Willy & Sal, Episode 7: Right Out of a Movie

A courtroom illustration from Cocaine Cowboys: The Kings of Miami
A courtroom illustration from Cocaine Cowboys: The Kings of Miami Illustration courtesy of Netflix
Editor’s note: Below is the seventh of ten in-depth stories Miami New Times published about the federal government's dogged pursuit of Augusto Falcon and Salvador Magluta — AKA Willy Falcon and Sal Magluta, AKA Willy and Sal, AKA "Los Muchachos," AKA "The Boys" — two Cuban-American boyhood friends from Miami who grew up to head what was alleged to be the most lucrative cocaine empire in South Florida for nearly 20 years beginning in the late 1970s.

When the two Miami Senior High School dropouts were finally captured by federal agents in October of 1991, prosecutors alleged that they’d amassed more than $2.1 billion in cash and assets by smuggling at least 75 tons of cocaine into the United States over the years.

But that was only the beginning of the legal proceedings against Willy and Sal, which dragged on for nearly a decade, dogged by law-enforcement snafus, doomed prosecutorial strategies, numerous incidences of jury tampering, escapes, murders, and other mayhem.

This column by then-Miami New Times staff writer Jim DeFede, was originally published in the paper's August 27, 1998, issue and titled “Right Out of a Movie.” The column describes the undercover federal investigation that led to the arrest of Miguel Moya, who, investigators had learned, took a $500,000 bribe to sway the jury to acquit Willy and Sal of all charges in their 1996 trial.

Writes DeFede:

Now, it seems, a bit of revisionist history is creeping into the retelling of that infamous trial. Scott declared during his press conference that, had Moya not been bribed, Falcon and Magluta would have been convicted. The Herald interviewed another juror, Darrell Weekley, who with remarkable hindsight now claims that Moya directed all discussion in the jury room and that the other jurors followed him like sheep.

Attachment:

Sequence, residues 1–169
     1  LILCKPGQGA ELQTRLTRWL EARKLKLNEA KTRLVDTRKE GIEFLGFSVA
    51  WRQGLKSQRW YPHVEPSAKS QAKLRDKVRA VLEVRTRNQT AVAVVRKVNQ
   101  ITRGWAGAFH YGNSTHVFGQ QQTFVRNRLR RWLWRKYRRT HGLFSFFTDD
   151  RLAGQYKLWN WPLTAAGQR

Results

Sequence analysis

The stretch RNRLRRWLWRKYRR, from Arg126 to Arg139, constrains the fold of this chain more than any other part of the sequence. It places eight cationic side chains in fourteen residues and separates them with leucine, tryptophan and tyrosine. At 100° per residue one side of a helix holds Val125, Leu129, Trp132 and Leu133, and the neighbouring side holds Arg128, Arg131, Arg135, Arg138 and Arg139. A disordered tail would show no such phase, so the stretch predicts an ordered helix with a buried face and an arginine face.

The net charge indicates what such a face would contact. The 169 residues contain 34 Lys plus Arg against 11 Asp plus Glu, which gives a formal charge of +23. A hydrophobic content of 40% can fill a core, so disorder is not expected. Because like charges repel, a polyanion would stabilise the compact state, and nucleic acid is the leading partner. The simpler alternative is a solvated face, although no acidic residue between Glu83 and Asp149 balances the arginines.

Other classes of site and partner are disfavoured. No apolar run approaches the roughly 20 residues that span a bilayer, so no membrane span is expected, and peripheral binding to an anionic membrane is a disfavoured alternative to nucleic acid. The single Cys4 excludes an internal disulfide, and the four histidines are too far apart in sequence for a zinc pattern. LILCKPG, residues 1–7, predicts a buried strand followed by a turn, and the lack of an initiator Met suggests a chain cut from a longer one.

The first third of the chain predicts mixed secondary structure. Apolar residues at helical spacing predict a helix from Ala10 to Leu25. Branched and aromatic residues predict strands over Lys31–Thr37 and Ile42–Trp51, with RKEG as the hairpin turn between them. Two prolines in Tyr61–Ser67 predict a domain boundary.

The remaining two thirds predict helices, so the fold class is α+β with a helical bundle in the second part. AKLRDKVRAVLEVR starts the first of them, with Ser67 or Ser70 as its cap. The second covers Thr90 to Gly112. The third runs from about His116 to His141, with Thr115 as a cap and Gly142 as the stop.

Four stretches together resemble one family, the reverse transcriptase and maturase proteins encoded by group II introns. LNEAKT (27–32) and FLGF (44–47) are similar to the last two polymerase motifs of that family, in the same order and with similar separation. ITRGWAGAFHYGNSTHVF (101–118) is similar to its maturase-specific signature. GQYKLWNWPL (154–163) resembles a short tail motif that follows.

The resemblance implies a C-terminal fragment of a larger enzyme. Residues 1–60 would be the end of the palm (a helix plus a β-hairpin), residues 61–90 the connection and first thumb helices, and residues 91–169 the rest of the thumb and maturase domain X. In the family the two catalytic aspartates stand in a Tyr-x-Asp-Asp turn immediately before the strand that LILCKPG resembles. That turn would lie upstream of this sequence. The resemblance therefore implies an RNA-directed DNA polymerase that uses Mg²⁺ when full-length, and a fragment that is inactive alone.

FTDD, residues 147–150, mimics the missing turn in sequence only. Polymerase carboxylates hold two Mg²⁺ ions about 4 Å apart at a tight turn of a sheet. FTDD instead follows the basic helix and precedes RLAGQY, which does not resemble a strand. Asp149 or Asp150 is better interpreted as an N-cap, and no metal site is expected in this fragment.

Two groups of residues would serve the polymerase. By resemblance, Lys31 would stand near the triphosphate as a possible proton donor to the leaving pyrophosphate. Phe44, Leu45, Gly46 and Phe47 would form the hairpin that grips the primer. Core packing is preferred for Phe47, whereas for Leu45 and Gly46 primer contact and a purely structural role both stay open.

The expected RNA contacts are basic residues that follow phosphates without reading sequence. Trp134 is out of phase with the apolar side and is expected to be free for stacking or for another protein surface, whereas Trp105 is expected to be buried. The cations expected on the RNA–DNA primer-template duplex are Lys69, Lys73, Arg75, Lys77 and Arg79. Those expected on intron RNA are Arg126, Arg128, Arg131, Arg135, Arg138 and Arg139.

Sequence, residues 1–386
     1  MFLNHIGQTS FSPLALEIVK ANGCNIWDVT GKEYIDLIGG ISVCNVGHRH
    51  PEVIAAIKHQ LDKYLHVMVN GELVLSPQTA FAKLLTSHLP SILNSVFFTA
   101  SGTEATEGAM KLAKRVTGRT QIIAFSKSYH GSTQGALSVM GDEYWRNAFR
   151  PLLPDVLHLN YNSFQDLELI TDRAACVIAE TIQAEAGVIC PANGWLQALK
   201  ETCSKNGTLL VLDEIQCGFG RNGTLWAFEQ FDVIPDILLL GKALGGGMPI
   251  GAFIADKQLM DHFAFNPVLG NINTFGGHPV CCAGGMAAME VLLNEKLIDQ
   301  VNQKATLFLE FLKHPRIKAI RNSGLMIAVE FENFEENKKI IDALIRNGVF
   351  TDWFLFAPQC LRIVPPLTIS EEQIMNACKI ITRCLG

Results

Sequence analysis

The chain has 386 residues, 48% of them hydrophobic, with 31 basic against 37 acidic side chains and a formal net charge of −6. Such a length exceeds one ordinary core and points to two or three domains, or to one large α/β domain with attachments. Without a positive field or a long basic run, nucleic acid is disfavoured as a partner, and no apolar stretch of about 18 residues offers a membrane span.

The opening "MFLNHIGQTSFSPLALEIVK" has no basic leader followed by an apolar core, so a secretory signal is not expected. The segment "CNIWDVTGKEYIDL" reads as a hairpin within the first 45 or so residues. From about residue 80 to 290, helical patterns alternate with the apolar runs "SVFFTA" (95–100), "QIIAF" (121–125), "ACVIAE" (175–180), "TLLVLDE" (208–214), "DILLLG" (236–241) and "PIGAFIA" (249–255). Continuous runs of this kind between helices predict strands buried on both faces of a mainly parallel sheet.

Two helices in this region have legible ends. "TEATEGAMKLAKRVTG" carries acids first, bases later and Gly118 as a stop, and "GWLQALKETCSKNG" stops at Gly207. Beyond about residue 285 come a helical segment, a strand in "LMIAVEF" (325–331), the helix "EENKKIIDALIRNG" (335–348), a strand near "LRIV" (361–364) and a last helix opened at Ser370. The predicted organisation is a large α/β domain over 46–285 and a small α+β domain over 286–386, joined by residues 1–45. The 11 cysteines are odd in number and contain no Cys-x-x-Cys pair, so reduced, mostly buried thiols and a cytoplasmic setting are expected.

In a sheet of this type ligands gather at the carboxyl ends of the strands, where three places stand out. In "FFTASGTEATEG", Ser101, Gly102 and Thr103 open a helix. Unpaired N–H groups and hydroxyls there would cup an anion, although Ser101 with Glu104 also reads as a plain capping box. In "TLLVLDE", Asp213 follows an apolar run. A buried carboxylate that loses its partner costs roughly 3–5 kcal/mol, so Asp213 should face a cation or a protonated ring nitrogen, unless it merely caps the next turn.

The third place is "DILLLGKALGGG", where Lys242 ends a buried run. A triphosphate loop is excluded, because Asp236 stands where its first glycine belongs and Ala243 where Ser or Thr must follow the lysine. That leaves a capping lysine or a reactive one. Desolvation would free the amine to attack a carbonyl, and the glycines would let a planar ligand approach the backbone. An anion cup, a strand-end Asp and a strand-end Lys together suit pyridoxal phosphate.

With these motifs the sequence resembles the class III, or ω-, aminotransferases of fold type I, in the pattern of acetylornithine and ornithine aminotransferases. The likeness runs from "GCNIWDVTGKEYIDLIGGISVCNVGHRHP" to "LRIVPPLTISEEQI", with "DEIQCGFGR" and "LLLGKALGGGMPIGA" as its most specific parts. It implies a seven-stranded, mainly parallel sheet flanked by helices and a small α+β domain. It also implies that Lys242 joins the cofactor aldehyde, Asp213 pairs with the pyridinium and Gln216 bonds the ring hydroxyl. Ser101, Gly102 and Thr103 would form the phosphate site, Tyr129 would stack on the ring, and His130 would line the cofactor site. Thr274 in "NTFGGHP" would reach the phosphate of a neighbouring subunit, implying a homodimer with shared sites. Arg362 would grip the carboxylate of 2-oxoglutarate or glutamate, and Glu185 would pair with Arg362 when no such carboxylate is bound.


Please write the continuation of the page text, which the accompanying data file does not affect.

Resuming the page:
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Last month Miguel Moya was walking to his car in an employee-only parking lot at Miami International Airport when he was approached by a large and rather ominous-looking fellow. The man stood approximately six feet four inches tall and appeared to weigh in excess of 300 pounds. His face was pinched into a scowl, as if he had just gulped down some curdled milk. His demeanor was just as sour.

"I'm from Willy and Sal's people," the man growled as they stood alongside Moya's car.

Willy Falcon and Sal Magluta were reputed to be two of the biggest drug smugglers in U.S. history. They were accused of importing 75 tons of cocaine — two billion dollars' worth — into the United States during the Eighties and early Nineties. They were legends, mythic figures in both the drug and law-enforcement communities.

There was no need, however, for this hulking beast to recite Willy's and Sal's pedigrees to Moya. Over the course of their four-month federal trial in late 1995 and early 1996, Moya served as foreman of the jury that ultimately acquitted "the boys," as they were known, on sixteen different charges. It was the biggest drug-trafficking trial ever lost by federal prosecutors anywhere in the country.

Moya, a balding 35-year-old ramp mechanic, stood about seven inches shorter than his unwelcome visitor and had to crane his neck in order to look him in the eye — or at least to look him in the chin. The man told Moya there was a problem and showed him a piece of paper. He said it was a copy of a secret federal indictment that accused Moya of taking a bribe in the Willy and Sal case. He'd obtained it by paying off someone at the courthouse. Moya said he didn't know what the man was talking about and that he never took any money.

The man grew insistent: What did you do with the money we gave you?

Moya again protested that he hadn't taken any money.

The man jabbed his finger at the paper and told Moya that the indictment alleged he'd recently bought a house in the Keys.

Moya responded that his parents bought the house.